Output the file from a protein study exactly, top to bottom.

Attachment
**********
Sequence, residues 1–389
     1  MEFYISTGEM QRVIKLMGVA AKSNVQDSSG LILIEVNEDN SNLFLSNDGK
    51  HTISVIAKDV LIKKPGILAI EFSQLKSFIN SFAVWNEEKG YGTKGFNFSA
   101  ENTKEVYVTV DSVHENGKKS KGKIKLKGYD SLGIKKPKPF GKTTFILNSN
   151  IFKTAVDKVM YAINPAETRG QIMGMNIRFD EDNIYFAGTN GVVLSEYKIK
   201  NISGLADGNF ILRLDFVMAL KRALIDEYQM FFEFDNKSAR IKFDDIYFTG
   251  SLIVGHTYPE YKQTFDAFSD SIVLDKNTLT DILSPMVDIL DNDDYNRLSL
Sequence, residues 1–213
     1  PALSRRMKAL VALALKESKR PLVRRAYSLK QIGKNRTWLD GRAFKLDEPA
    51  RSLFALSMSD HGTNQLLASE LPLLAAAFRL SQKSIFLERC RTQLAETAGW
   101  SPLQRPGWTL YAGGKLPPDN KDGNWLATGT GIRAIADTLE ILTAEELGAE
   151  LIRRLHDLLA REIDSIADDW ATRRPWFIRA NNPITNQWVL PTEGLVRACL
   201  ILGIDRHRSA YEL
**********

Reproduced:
Sequence, residues 1–389
     1  MEFYISTGEM QRVIKLMGVA AKSNVQDSSG LILIEVNEDN SNLFLSNDGK
    51  HTISVIAKDV LIKKPGILAI EFSQLKSFIN SFAVWNEEKG YGTKGFNFSA
   101  ENTKEVYVTV DSVHENGKKS KGKIKLKGYD SLGIKKPKPF GKTTFILNSN
   151  IFKTAVDKVM YAINPAETRG QIMGMNIRFD EDNIYFAGTN GVVLSEYKIK
   201  NISGLADGNF ILRLDFVMAL KRALIDEYQM FFEFDNKSAR IKFDDIYFTG
   251  SLIVGHTYPE YKQTFDAFSD SIVLDKNTLT DILSPMVDIL DNDDYNRLSL
Sequence, residues 1–213
     1  PALSRRMKAL VALALKESKR PLVRRAYSLK QIGKNRTWLD GRAFKLDEPA
    51  RSLFALSMSD HGTNQLLASE LPLLAAAFRL SQKSIFLERC RTQLAETAGW
   101  SPLQRPGWTL YAGGKLPPDN KDGNWLATGT GIRAIADTLE ILTAEELGAE
   151  LIRRLHDLLA REIDSIADDW ATRRPWFIRA NNPITNQWVL PTEGLVRACL
   201  ILGIDRHRSA YEL